Washington's quiet, persistent diplomacy and a clear assurance from Islamabad on ending terrorism eventually helped to change New Delhi's perception of Pakistan President Pervez Musharraf as a troublemaker and the villain of Kargil and Agra.
According to officials in the external affairs ministry and intelligence agencies, the government now believes it is worth giving the general one more chance. Prime Minister Atal Bihari Vajpayee even described Musharraf as Pakistan's biggest leader and a man capable of walking the path of dialogue and peace.
Despite Vajpayee's insistence on continuing the peace process restarted by him in Srinagar in April last year, there were many sceptics in the Indian establishment. "[But] last-minute assurances from Pakistan, especially from General Musharraf, that they were ready to give in writing a commitment on ending terrorism was the clincher," an external affairs ministry official, who was closely involved with the prime minister's recent visit to Pakistan, told rediff.com
Intense but quiet diplomacy by the United States in the run-up to the summit of the South Asian Association for Regional Co-operation also helped turn the tide in favour of Vajpayee's historic visit to Islamabad and prepared the ground for the negotiations by National Security Adviser Brajesh Mishra and others in Pakistan.
The US, despite being busy with Iraq, kept in touch with both the Indian and Pakistani sides, the external affairs official, recalling 2003's Indo-US-Pak triangular engagements, said.
US foreign policy is mostly conducted by National Security Adviser Condoleezza Rice, Secretary of State Colin Powell and Deputy Secretary of State Richard Armitage. While Rice and Mishra have a "rather good" rapport, according to the external affairs ministry official, Powell has been an "important influence" with Musharraf.
The two attempts to kill Musharraf -- on December 14 and December 25 -- played a "critical role" in creating a sea change in the attitudes of both India and Pakistan, the official said.
While sections of the Indian establishment doubted the authenticity of the first incident, the second one, in which 14 people were killed, convinced them that Musharraf was indeed in trouble.
The attacks "helped him [Musharraf] see our side of the argument," a diplomat said. "We have for long been arguing that terrorism against us will one day destabilise Pakistan and that there are no compartments in the terror complex. What is dangerous for India is dangerous for the US and dangerous for a moderate Pakistan state also."
"It is important that we engage General Musharraf," an intelligence officer added. "He is the best hope for moderating Pakistan and improving its economy at this point of time."
After the Christmas attack on Musharraf, there were "several rounds of phone contacts" among India, America and Pakistan. "The US managed to convince Musharraf of the need to declare his stand against terrorism in no uncertain terms," the diplomat quoted above said. Simultaneously, Pakistan promised not to raise the Jammu and Kashmir issue at the SAARC summit.
Vajpayee agreed to attend the summit once he was assured that there would be no repeat of the scenes at the previous one in Kathmandu in 2003. There, despite Musharraf's assurance that there would be no grandstanding, the general embarrassed India by dramatically walking across the dais to the prime minister and offering his 'hand of friendship.' Vajpayee retaliated to this stage show by accusing Pakistan of supporting terrorism.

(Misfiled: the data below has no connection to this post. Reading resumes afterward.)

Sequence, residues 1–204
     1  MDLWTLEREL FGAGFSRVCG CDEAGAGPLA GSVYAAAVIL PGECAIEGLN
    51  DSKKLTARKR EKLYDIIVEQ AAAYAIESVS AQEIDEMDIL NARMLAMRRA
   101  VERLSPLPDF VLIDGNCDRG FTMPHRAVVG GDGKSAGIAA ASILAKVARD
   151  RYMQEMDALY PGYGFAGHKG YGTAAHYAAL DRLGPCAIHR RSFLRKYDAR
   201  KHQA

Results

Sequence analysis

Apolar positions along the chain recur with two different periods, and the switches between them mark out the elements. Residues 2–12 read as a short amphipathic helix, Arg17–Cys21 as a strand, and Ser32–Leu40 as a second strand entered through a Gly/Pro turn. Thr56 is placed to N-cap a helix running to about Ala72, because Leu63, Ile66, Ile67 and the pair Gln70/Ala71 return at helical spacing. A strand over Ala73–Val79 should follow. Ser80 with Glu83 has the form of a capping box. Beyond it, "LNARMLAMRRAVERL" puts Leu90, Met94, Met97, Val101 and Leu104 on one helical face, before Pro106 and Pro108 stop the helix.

India also assured the US, which conveyed Musharraf's readiness to disown terrorism in all its forms, that it would seriously consider bilateral contacts.
Meanwhile, Mishra was quietly in touch with Tariq Aziz, Musharraf's key adviser. "We had almost no knowledge of the interactions [between Mishra and Aziz]," the external affairs ministry official said, pointing out that most of the engagements with Pakistan are being conducted directly between the prime minister's office in New Delhi and the general's office in Islamabad.
But before Mishra left for Pakistan, he called on Deputy Prime Minister L K Advani and appraised him of Pakistan's readiness to denounce terrorism.
Once Mishra landed in Islamabad, he conducted a series of meetings with Tariq Aziz. On January 6, the day after Vajpayee met Musharraf, Mishra, Aziz and other close aides of the general sat down to work out a joint statement. It took several rounds of meetings between the two sides to finally produce the statement in which Musharraf promised that 'no territory under Pakistan's command will be used by terrorists against India.'
Simultaneously, India agreed to resume the dialogue with Pakistan on all subjects, including Jammu and Kashmir, from February.
Sources in New Delhi say the change in India's position is visible on two fronts. First, India believes that Musharraf is reliable and will sustain a dialogue. Second, even if terrorist groups outside the control of the Pakistani State try to create trouble, India will not blame Islamabad without confirmation.
"We now have a tolerance level twice that of December 2001," the intelligence officer remarked in lighter vein, referring to the angry Indian response after the attack on Parliament.
Both sides, the officer said, are conscious of the "alarming frequency" of crises ever since India and Pakistan went nuclear. Ever since the tit-for-tat tests in May 1998, India and Pakistan have fought a border war, mobilised their soldiers for ten long months, snapped transport links, and generally glowered at each other. Most of these tensions, the diplomat argued, 'originated in Pakistan's state support to terrorism'.
But the intelligence officer said, "When we are accommodative towards